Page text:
Four dozen people have been charged in one of the largest drug-diversion schemes ever, a federal prosecutor said Tuesday. The alleged Medicaid fraud is estimated to have cost taxpayers a half-billion dollars.
"The defendants worked a fraud on Medicaid, a fraud on pharmaceutical companies, a fraud on legitimate pharmacies, a fraud on patients who unwittingly bought second-hand drugs and ultimately a fraud on the entire health care system," said Preet Bharara, U.S. Attorney for the Southern District of New York.
The FBI seized more than $16 million worth of second-hand prescription drugs, comprised of more than 33,000 bottles and more than 250,000 loose pills.
The fraud started on the streets of New York City, where AIDS patients sold pricey drugs they received for free through Medicaid.
"People with real ailments were induced to sell their medications on the cheap rather than take them as prescribed," said Janice Fedarcyk, Assistant Special Agent in Charge of the FBI field office in New York.
Buyers would pay $50 for medicine that cost Medicaid $650 per bottle.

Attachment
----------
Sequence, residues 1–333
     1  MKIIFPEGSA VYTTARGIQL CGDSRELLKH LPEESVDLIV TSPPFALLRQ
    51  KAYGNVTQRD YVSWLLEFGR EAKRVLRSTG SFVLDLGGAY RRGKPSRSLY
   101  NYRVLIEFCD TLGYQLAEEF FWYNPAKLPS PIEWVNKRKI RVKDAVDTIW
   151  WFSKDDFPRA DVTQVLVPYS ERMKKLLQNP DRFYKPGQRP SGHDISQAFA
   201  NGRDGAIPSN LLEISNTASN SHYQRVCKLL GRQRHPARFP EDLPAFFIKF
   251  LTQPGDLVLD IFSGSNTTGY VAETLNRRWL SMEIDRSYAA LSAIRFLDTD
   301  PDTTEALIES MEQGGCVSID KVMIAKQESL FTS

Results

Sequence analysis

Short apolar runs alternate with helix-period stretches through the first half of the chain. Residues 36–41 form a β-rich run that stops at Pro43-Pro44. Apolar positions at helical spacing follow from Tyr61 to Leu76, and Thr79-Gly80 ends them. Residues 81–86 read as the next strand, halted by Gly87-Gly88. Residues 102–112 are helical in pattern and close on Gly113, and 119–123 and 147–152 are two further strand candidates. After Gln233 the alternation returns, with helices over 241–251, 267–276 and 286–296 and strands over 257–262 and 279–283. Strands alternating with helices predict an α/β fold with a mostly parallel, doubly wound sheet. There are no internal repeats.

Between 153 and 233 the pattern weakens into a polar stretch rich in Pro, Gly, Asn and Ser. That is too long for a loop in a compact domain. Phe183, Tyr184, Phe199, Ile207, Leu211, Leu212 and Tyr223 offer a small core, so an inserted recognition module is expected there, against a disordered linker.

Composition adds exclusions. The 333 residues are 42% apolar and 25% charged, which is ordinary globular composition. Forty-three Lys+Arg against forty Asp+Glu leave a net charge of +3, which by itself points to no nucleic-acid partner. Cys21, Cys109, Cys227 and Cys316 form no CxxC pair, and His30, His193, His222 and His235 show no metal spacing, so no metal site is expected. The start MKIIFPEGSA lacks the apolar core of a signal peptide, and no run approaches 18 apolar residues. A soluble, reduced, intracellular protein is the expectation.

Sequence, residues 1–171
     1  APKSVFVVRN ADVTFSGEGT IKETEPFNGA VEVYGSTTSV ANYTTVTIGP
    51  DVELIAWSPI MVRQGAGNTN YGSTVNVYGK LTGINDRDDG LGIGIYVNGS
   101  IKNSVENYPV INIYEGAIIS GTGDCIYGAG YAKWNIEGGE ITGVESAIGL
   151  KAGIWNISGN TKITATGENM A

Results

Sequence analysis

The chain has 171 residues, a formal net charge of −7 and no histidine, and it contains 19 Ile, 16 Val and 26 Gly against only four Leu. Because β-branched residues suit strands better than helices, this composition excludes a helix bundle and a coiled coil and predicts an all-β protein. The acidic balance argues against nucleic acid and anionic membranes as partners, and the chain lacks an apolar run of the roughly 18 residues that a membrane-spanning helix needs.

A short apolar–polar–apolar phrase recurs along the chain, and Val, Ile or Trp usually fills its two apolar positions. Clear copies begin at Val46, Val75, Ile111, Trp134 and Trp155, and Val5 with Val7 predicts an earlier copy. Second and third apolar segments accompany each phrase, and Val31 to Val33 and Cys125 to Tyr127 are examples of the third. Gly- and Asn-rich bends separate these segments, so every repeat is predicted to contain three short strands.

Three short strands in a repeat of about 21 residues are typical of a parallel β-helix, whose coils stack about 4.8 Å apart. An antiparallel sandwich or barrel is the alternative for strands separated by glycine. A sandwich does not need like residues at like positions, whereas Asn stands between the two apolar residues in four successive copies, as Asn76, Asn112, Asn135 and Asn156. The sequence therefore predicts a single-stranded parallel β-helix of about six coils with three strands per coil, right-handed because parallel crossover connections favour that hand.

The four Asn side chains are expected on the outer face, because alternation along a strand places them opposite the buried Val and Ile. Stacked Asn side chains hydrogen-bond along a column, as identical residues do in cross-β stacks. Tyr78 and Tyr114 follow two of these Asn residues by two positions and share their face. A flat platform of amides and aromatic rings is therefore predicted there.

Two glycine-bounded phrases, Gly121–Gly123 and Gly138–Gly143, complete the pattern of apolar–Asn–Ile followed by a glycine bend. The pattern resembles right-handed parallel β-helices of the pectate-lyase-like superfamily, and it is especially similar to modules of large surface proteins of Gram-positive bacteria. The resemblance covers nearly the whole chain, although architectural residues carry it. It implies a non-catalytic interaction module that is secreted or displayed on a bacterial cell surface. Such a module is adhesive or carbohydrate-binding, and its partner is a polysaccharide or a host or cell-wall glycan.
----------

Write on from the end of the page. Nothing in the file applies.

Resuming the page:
"In any population there may be people who, notwithstanding the fact that they need to take medication, are willing to sell that medication if they're in dire straits," Bharara said.
Over seven years, according to court documents, the criminals exploited the difference between the cost to the patient of obtaining the prescription drugs through Medicaid, which was usually nothing, and the hundreds of dollars per bottle that pharmacies paid to purchase those drugs to sell to their customers.
Authorities said they dismantled a "national, underground market" for some of the most expensive drugs available to treat HIV, schizophrenia and asthma. The pills ended up in Texas, Florida, Nevada, Utah and Alabama. From there they were resold to pharmacies across the country.
The pills were kept in uncontrolled and sometimes egregious conditions.
"End users of the diverted drugs were getting second-hand medication that may have been mishandled, adulterated, improperly stored, repackaged and expired," Fedarcyk said.
Among the medicines allegedly resold by Medicaid patients were Zyprexa, an antipsychotic, and the HIV drugs Atripla, Trizivir, Prezista, Reyataz, Isentress, Intelence, Kaletra, Sustiva and Truvada.
The FBI has asked anyone who may have purchased second-hand prescription drugs to call an FBI hotline at 212-384-3555.
Roger Sergel and Bruce Geryk contributed to this report.